A wild walk to a deceptive 'summit', which proves an unrivalled viewpoint overlooking the sweeping Bowland Fells.
Distance 5.2 miles (8.4km)
Minimum time 2hrs
Ascent/gradient 1,050ft (320m)
Level of difficulty Hard
Paths Mostly very rough moorland, sometimes rocky, 5 stiles
Landscape Moorland with some rocky outcrops, above green valley
Suggested map aqua3 OS Explorer OL41 Forest of Bowland & Ribblesdale
Start/finish SD 526604
Dog friendliness Access Area - dogs not permitted
Parking Access Area car park at Birk Bank
Public toilets Nearest at Crook O'Lune (PWalk 43)
© AA Media Limited 2015. © Crown Copyright Licence number 100021153
1 Follow the track above the car park, then fork left. It becomes a green path, running generally level, to Ottergear Bridge.
2 Turn left and walk along a level track, then bear right at the next junction. The track climbs slightly, descends into a narrow valley, then climbs steeply up the far side before it finally eases and swings round to the right.
3 Go left on a narrow path, running almost level above a steeper slope. After 500yds (457m), it angles back down into the valley. Follow the base of the steep slope and cross a small stream. After 30yds (27m) a green track climbs to the right.
4 Wind up steeply to near-level moor. The path follows a slight groove, then skirts leftward around a boggy patch. The grassy path ahead is initially very faint. Keep just left of the continuous heather and it soon becomes clearer. There's another grooved section then a clear stony path rises leftward across steeper ground.
5 As the slope eases the path remains clear, passing a few sketchy cairns, then a 'Limit of Access Area' sign. Follow a groove, through or past tumbledown shooting butts. As the ground levels, trend right past cairns and marker stakes to an ugly new track. Cross and follow a thin grassy path with more marker stakes. Bear right up a slight rise and join a wider path at a cairn. Go right on a broad ridge, crossing a fence, to the summit trig point.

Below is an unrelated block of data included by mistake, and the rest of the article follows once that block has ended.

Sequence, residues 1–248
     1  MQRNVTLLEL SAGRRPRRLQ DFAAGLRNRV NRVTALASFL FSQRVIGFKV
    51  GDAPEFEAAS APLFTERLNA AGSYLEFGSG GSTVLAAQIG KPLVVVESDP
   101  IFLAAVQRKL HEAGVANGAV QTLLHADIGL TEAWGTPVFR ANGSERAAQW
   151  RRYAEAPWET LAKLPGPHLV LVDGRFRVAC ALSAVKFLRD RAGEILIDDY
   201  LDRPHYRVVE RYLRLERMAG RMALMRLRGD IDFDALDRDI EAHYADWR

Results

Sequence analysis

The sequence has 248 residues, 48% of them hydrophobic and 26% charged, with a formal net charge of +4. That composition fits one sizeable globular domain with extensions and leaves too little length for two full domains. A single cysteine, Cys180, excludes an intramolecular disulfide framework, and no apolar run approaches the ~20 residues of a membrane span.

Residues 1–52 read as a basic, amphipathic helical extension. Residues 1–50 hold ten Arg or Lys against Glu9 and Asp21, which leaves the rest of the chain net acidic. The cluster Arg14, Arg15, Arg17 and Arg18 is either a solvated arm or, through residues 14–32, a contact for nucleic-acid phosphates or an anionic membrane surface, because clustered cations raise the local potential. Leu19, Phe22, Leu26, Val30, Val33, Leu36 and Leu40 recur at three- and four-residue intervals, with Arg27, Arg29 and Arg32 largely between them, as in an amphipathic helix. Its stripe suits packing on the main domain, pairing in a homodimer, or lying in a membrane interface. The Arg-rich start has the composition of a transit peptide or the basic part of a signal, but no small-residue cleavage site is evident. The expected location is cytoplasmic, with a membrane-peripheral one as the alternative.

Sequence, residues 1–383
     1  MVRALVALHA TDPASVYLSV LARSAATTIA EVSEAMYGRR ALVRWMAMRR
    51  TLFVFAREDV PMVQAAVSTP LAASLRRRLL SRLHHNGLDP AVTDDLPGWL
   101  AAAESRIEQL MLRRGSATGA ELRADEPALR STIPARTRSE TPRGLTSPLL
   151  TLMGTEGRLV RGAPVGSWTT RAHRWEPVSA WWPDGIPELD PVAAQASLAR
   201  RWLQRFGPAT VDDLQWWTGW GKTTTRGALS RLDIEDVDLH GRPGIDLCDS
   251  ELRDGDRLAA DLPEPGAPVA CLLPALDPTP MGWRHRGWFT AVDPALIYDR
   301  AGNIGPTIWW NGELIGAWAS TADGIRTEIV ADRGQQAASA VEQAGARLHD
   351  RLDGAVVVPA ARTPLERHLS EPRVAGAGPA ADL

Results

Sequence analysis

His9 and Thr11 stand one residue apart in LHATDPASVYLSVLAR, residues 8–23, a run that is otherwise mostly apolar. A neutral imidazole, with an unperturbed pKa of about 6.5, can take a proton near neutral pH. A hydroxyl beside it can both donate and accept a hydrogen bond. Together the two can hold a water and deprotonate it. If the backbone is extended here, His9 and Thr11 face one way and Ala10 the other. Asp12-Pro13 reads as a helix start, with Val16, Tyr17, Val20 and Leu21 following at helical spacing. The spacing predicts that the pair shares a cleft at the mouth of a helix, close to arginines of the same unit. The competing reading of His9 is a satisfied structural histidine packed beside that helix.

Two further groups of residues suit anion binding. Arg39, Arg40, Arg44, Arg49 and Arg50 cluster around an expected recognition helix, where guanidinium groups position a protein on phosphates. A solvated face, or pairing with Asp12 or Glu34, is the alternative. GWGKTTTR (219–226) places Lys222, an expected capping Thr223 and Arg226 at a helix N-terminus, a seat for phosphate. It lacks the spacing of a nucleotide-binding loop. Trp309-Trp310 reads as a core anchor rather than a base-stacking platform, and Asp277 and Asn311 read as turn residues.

6 Descend a clear path on the right past a large cairn. There's a steep drop near by on the left, with some small crags. A fence converges from the right, eventually meeting a well-built wall.
7 Scramble down rocks by the end of the wall. Continue down its left side for about 300yds (274m). Bear left at a levelling above scattered boulders. Descend through a gap flanked by wrinkled rocks then across gentler slopes to a gate by the corner of a wall.
8 Head straight down until the ground steepens, then swing right and weave down towards Windy Clough. From a stile go left down a grooved path to an area of young trees. Fork left, closer to the stream, rejoining wetter alternative routes above larger oaks. Descend through gorse then follow duckboards skirting a bog. Turn right along a track then keep left over a slight rise to the car park.
Clougha Pike is the finest viewpoint in the Bowland Fells, possibly in the whole of Lancashire. There's lots to see at closer quarters too and the walk is always rewarding, but on a clear day it's nothing short of magnificent. Although the ground is sometimes very rough, the ascent is rarely very steep and the views expand with every stride.